Ensuring that students with diabetes have the health services they need in school to manage their chronic condition is important in helping them stay healthy and ready to learn. Managing diabetes at school is most effective when there is a partnership among students, parents, school nurse, health care providers, teachers, counselors, coaches, transportation, food service employees, and administrators. Support may include helping a student take medications, check blood sugar levels, choose healthy foods in the cafeteria, and be physically active.
Diabetes doesn’t have to get in the way of a good experience at school. Remember, parents and schools have the same goal: to ensure that students with diabetes are safe and that they’re able to learn in a supportive environment. Schools can:
- Develop a plan to help students care for diabetes and handle any diabetes-related emergencies.
- Work with a child’s parents, doctor, and school staff to create a Diabetes Medical Management Plan including information on services the school will provide and how to recognize high and low blood sugar levels. For more information, visit Helping the Student with Diabetes Succeed: A Guide for School Personnelexternal icon.
- Ensure all physician and emergency contacts are updated and provided to school staff.
- Be sure school workers have a glucagon emergency kit and know how to use it if a student experiences a low blood sugar emergency. School staff should be given the National Diabetes Education Program School Guide hypoglycemia and hyperglycemia emergency care plansexternal icon.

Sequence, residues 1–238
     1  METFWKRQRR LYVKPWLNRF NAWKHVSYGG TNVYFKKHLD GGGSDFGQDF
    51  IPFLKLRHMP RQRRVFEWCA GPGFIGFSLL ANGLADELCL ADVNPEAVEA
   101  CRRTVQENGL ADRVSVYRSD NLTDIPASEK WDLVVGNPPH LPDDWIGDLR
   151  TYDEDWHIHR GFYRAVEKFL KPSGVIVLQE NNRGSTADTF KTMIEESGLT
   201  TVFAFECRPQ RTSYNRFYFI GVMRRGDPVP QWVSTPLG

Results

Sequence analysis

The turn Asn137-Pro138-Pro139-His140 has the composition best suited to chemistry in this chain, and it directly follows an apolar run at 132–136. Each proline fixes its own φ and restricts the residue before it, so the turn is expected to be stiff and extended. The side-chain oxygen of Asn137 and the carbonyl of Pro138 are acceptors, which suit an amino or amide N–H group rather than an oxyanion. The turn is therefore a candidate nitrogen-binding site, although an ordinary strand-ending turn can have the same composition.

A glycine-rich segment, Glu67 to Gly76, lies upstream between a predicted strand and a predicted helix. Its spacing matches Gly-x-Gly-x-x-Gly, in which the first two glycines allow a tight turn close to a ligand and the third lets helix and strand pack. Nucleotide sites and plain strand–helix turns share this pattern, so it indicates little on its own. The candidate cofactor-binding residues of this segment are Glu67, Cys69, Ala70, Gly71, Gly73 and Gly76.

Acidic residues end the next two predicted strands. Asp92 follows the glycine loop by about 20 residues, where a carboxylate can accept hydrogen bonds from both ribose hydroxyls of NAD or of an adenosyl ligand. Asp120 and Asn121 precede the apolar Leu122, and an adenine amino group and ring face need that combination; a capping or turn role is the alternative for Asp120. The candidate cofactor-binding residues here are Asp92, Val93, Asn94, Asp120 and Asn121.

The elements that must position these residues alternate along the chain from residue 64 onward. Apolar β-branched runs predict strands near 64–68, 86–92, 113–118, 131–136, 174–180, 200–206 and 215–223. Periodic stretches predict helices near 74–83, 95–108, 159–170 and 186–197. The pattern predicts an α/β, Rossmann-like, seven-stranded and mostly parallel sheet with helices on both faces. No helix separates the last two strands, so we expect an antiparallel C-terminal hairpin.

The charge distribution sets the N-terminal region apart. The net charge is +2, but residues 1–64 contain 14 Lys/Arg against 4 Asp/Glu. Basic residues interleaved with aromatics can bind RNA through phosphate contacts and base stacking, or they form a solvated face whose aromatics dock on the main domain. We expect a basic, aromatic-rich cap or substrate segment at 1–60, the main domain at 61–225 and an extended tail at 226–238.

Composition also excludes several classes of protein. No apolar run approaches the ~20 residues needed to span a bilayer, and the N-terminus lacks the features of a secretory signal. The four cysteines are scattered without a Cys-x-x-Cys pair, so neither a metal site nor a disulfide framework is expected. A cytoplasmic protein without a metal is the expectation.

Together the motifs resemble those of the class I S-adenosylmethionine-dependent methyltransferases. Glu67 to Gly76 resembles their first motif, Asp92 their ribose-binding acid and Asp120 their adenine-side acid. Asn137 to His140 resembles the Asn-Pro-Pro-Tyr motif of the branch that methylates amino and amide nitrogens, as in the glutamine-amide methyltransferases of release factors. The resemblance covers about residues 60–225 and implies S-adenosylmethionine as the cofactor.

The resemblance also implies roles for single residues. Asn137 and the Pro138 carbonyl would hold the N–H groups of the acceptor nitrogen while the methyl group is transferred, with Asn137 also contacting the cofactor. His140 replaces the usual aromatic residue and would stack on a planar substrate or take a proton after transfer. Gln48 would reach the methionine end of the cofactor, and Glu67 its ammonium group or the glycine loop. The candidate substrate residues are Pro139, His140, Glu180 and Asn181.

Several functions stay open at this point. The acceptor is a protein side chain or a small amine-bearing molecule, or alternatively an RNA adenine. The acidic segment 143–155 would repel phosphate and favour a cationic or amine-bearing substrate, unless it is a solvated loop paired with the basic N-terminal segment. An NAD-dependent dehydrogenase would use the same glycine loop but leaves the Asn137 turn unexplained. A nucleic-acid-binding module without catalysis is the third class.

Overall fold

Help students to manage diabetes at a level right for his or her age.
- If a child is going to monitor his or her blood sugar, ensure that he or she feels comfortable doing so.
- If a trained school employee will do the monitoring, be sure the student knows where and when to go for testing.
- Encourage students to eat healthy foods, including a healthy breakfast, which will help students stay focused and active. Students and parents should look at the school menus together to help them make choices for a healthy meal plan.
- Having diabetes doesn’t mean that a child can’t be physically active or participate in physical education classes. They should get at least 60 minutes of physical activity every day. In fact, being active can help a child improve his or her blood sugar control.
- Check that students with diabetes have all recommended vaccinations, including the flu shot. If a child with diabetes gets sick, he or she can take longer to recover than children without diabetes. Talk to the student’s parents to make sure their child has all the vaccinations they need before starting the school year.
- Encourage students to wash their hands regularly, especially before eating and after using the bathroom.
- CDC, Division of Diabetes Translation
- Eagle Books for Your Children from CDC’s Native Diabetes Wellness Program
- American Diabetes Association, Safe at Schoolexternal icon
- National Association of School Nurses, Diabetes Management in the School Settingexternal icon
- JDRF, Type 1 Diabetes in Schoolexternal icon
- Centers for Disease Control and Prevention: National Diabetes Statistics Report: Estimates of Diabetes and Its Burden in the United States, 2014. Atlanta, GA: U.S. Department of Health and Human Services; 2014.